Oral Concurrent Session 3 - Hypertension and Diabetes
30 - Viral and bacterial signatures impair trophoblast migration which is reversed by aspirin, aspirin-triggered-lipoxin and hydroxychloroquine.
Thursday, January 28, 2021
4:45 PM – 5:00 PM EST
Objective: While the etiology of preeclampsia remains elusive, an inflammatory response at the maternal-fetal interface is thought to play a role. Growing evidence suggests a relationship between maternal infection and risk of preeclampsia. Thus, infection may contribute to the pathogenesis by affecting trophoblast function. These cells express Toll-like receptors (TLRs) and Nod-like receptors (NLRs), which mediate infection-induced inflammation. We hypothesize that in addition to inducing inflammation via TLRs and NLRs, infections may limit trophoblast migration leading to a preeclampsia-like phenotype, and this may be reversed by potential therapeutics.
Study Design: A human first trimester trophoblast cell line (Sw.71) was treated with or without bacterial or viral signatures known to activate TLRs and NLRs (Table 1). For some experiments, cells were also treated with the therapeutics aspirin (ASA; 10ug/ml), aspirin-triggered lipoxin (ATL; 100nM), or hydroxychloroquine (HCQ; 1ug/ml). Cell viability was measured using the CellTiter assay. Cell migration was quantified using a two-chamber colorimetric assay.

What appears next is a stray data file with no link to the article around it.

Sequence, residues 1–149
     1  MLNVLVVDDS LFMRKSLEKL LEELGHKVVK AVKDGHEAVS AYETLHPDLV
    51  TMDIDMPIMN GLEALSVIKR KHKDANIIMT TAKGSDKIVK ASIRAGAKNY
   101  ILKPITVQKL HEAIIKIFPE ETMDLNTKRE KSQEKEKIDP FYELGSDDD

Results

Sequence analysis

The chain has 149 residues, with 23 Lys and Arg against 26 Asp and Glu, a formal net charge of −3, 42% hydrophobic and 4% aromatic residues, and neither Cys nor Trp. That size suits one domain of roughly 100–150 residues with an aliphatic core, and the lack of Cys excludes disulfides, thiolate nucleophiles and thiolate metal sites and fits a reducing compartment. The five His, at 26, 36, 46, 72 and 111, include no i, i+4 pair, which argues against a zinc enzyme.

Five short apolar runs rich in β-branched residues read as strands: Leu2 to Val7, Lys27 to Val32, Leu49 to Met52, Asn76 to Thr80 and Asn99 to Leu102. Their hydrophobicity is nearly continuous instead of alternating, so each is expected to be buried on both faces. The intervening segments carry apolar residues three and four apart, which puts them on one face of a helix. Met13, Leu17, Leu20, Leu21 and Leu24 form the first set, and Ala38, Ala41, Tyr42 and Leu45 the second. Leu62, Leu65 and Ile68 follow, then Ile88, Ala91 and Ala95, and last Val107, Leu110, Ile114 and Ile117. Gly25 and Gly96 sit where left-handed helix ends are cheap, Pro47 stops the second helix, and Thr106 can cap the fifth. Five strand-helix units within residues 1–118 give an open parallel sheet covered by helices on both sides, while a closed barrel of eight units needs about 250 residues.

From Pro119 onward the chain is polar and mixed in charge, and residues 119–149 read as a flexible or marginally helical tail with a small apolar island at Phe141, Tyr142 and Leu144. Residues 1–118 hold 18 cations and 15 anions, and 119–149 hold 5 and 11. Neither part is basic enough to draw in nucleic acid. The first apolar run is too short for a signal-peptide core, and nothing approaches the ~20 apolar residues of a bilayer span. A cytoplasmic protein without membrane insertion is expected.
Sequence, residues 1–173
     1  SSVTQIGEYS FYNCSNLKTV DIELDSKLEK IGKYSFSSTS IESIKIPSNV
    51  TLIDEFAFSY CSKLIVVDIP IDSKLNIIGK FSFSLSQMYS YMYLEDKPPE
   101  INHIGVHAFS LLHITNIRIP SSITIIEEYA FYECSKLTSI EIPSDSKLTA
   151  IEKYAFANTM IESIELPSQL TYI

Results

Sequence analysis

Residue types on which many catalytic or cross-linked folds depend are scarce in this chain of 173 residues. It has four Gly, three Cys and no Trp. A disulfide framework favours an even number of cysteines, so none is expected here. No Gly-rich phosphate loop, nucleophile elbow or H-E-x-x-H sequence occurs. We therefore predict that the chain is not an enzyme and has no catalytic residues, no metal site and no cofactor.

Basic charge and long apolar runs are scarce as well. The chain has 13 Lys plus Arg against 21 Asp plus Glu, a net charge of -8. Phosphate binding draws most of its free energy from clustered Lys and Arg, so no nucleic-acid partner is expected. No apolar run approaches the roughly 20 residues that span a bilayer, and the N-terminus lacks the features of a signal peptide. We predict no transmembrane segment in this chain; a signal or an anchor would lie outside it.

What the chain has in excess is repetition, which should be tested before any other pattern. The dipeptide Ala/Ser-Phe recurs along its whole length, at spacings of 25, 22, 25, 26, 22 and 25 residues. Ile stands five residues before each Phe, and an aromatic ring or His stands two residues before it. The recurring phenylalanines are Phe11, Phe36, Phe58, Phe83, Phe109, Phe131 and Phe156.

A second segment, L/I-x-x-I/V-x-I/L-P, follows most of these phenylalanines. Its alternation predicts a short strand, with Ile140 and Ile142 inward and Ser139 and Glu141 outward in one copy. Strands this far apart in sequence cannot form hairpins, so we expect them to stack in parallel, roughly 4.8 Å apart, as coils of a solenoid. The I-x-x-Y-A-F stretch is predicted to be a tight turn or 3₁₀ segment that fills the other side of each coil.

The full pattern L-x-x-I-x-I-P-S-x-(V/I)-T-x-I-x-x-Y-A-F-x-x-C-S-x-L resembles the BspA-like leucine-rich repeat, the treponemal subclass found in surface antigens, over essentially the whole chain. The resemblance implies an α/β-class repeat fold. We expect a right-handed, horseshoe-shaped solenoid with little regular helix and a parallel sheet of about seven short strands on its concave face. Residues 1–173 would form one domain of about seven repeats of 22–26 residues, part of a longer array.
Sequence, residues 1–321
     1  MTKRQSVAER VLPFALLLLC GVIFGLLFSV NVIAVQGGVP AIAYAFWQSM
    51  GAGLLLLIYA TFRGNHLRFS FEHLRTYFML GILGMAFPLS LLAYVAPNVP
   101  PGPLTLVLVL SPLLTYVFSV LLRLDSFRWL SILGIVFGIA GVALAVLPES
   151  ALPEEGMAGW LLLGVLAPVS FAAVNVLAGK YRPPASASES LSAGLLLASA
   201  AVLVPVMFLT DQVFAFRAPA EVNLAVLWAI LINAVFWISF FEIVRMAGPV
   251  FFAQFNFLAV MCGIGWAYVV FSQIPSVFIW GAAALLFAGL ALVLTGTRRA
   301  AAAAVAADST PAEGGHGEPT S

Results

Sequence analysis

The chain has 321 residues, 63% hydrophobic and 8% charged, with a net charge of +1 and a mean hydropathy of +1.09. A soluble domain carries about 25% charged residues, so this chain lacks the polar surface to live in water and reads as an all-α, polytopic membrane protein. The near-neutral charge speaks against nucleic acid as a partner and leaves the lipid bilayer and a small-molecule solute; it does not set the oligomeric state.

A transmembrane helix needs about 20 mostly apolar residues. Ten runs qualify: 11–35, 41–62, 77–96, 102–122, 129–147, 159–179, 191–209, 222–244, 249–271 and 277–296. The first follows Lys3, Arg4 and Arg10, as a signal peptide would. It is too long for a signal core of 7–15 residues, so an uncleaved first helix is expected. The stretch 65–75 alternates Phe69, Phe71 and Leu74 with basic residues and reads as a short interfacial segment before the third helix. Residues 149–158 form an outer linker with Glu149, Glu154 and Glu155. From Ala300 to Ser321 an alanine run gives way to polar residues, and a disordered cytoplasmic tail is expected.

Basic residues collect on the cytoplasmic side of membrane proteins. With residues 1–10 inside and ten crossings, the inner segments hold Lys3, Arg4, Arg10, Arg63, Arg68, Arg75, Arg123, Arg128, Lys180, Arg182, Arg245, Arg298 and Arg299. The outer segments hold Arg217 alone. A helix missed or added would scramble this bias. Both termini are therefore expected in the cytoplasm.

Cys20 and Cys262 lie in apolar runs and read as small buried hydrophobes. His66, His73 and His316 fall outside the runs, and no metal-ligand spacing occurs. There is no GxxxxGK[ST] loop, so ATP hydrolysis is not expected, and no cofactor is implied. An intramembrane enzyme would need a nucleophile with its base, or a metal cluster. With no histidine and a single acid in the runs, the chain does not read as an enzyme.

Results: Cell viability was not altered by any infectious triggers with the exception of viral dsRNA which reduced viability by 50.4±4.7% (p < 0.05). This was not tested further. Compared to media, viral ssRNA and bacterial CpG ODN significantly reduced trophoblast migration by 48.7±7.2% and 52.5±4.1%, respectively (p < 0.05). Bacterial LPS, PGN, flagellin, iE-DAP and MDP did not alter cell migration. Compared to viral ssRNA alone, ASA, ATL and HCQ independently increased trophoblast migration by 1.6±0.3, 2.0±0.3 and 2.0±0.4-fold, respectively (p < 0.05). Similarly, compared to CpG ODN alone, ASA, ATL and HCQ independently increased trophoblast migration by 1.6±0.1, 1.5±0.1 and 1.6±0.2-fold, respectively (p < 0.05).
Conclusion: Our findings suggest that viral ssRNA and bacterial CpG ODN may impair trophoblast migration leading to a preeclampsia-like phenotype. Further research is needed to understand the mechanisms by which ASA, ATL, and HCQ may reverse these effects and improve perinatal outcomes.